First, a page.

Please note that you may submit applications for a maximum of two graduate programmes in any application cycle. For a comprehensive list of the funding opportunities available at UCL, including funding relevant to your nationality, please visit the Scholarships and Funding website. Past students on the programme have been awarded prestigious scholarships such as AHRC and UCL graduate studentships.


The process to qualify as a solicitor in England and Wales is via the Solicitors Qualifying Exam . This is a qualifying degree, meaning you can go straight from graduating to taking the LPC , and recent leavers have secured training contracts at world renowned law firms, whilst others have been taken on as analysts and consultants. Others still have used the legal and social insights gained in their degree to set up their own NGOs or start their own businesses. Find out what our campus and London have to offer you on academic, social and career perspective.

News Dr Joseph Spooner contributes to UK government personal insolvency review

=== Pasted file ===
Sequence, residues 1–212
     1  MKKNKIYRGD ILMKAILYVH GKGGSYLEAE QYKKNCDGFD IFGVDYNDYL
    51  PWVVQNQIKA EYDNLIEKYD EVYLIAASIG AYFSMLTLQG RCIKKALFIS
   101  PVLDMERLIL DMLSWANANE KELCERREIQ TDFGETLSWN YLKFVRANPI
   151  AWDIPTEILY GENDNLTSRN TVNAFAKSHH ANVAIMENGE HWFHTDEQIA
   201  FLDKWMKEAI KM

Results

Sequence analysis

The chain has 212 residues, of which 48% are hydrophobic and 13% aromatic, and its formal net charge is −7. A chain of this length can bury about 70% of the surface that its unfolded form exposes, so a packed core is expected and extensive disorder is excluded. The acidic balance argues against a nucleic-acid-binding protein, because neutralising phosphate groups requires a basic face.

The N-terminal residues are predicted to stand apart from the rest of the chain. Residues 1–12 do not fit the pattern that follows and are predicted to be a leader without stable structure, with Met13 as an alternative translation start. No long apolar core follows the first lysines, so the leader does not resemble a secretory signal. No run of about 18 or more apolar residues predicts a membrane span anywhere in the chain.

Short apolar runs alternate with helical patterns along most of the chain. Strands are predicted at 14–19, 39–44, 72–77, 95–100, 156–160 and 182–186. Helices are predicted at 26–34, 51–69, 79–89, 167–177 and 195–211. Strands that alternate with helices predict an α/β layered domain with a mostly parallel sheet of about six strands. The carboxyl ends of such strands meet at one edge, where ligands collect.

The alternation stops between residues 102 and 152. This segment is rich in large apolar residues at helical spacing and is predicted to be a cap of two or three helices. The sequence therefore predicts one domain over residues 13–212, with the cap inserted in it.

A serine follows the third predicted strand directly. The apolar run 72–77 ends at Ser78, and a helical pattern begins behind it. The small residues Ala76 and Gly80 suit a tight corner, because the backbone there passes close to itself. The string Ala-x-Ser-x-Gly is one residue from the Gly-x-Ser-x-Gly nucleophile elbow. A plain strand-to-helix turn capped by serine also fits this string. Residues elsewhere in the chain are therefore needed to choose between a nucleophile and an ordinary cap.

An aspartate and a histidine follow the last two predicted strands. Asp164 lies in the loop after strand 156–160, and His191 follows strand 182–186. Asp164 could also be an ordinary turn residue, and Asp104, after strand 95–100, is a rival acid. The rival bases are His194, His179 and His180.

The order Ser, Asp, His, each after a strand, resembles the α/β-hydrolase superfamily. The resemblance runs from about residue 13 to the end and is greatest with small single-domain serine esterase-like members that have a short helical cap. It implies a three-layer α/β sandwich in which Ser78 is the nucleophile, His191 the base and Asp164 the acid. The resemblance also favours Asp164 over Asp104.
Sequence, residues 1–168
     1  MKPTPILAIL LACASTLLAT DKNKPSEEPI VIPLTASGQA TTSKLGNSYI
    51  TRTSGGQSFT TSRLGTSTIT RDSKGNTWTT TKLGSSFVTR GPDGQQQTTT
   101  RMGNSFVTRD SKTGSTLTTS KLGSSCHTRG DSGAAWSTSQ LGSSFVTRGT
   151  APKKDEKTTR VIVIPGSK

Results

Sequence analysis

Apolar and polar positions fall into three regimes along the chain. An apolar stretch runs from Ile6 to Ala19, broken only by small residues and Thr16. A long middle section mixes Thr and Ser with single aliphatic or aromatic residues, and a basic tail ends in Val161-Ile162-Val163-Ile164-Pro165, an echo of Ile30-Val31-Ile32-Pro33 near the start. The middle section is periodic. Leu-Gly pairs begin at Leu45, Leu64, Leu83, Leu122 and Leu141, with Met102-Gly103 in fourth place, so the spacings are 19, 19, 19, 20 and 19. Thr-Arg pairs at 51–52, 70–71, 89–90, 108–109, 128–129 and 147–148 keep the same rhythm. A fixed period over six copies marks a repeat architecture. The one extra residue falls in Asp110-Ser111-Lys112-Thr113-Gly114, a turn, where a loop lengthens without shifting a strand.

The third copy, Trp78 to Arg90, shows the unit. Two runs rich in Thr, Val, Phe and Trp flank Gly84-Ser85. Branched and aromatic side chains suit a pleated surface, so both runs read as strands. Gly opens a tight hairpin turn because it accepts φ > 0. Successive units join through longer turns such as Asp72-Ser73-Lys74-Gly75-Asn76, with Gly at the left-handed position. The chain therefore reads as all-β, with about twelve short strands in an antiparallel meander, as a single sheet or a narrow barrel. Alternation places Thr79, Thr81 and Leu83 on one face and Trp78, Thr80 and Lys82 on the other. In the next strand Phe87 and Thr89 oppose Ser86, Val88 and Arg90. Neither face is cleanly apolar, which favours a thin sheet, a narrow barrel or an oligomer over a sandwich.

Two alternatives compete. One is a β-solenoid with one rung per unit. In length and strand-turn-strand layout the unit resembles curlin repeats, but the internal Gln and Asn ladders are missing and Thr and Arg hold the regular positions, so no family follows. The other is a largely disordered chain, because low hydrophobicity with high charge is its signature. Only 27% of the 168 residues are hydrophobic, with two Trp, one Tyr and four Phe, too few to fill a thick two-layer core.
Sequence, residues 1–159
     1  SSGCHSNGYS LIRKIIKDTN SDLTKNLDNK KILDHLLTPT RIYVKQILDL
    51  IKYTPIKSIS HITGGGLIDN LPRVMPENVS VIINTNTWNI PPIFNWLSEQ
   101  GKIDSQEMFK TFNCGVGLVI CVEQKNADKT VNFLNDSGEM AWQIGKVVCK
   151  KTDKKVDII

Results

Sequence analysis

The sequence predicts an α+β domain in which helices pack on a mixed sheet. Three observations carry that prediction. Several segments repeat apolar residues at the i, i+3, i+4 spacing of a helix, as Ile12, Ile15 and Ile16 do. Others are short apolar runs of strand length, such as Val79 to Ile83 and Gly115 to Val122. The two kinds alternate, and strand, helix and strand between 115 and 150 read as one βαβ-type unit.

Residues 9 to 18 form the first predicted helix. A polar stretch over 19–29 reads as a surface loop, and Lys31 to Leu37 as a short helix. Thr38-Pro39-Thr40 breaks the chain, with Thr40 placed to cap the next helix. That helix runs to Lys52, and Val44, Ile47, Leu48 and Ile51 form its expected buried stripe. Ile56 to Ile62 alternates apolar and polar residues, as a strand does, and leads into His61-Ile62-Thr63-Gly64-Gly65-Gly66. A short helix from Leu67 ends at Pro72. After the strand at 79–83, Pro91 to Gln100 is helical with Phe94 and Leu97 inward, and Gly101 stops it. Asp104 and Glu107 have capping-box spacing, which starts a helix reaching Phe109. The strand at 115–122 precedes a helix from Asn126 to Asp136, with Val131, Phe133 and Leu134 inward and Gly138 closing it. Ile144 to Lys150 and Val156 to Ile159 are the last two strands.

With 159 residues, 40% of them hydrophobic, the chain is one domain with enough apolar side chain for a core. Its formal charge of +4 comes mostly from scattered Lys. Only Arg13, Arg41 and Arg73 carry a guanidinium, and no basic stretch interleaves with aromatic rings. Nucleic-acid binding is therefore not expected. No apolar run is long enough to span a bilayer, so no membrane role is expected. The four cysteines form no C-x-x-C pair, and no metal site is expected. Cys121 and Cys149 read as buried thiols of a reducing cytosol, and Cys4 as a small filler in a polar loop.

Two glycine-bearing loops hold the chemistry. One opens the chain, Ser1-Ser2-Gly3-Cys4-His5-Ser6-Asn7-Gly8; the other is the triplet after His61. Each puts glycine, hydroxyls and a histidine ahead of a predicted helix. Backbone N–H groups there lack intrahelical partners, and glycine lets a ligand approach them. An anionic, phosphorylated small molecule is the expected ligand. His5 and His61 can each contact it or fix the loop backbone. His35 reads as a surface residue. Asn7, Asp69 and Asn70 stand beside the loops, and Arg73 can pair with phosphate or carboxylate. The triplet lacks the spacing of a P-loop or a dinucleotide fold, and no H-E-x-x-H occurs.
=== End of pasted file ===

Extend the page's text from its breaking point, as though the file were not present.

Anyone wanting to work in a political environment needs an understanding of how elections work and the significance of any changes. It was, for example, a system change in the Labour Party, as part of the Collins Review in 2014, that made it possible for Jeremy Corbyn to be elected. The module analyses the importance of each system and focuses on the many pressures for change in terms of who votes and when. The countries will be chosen in a way which provides a good range of systems and makes use of current events. It examines the operation of judicial review and the ways in which judicial review attempts to realise and comply with the principles of the rule of law and separation of powers. The module also examines the rights protected by the European Convention on Human Rights and how these rights are given effect in the UK via the Human Rights Act 1998.